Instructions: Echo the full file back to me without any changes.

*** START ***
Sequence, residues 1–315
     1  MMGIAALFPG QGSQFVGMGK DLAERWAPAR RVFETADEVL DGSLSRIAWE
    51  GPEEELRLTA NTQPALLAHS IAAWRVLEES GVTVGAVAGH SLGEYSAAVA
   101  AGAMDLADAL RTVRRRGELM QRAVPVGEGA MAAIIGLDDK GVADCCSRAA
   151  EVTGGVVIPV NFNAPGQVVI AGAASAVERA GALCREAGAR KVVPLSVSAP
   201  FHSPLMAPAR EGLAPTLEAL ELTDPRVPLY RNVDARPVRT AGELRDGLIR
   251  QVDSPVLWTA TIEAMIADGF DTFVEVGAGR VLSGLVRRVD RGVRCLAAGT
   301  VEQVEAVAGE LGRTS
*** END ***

Sequence, residues 1–315
     1  MMGIAALFPG QGSQFVGMGK DLAERWAPAR RVFETADEVL DGSLSRIAWE
    51  GPEEELRLTA NTQPALLAHS IAAWRVLEES GVTVGAVAGH SLGEYSAAVA
   101  AGAMDLADAL RTVRRRGELM QRAVPVGEGA MAAIIGLDDK GVADCCSRAA
   151  EVTGGVVIPV NFNAPGQVVI AGAASAVERA GALCREAGAR KVVPLSVSAP
   201  FHSPLMAPAR EGLAPTLEAL ELTDPRVPLY RNVDARPVRT AGELRDGLIR
   251  QVDSPVLWTA TIEAMIADGF DTFVEVGAGR VLSGLVRRVD RGVRCLAAGT
   301  VEQVEAVAGE LGRTS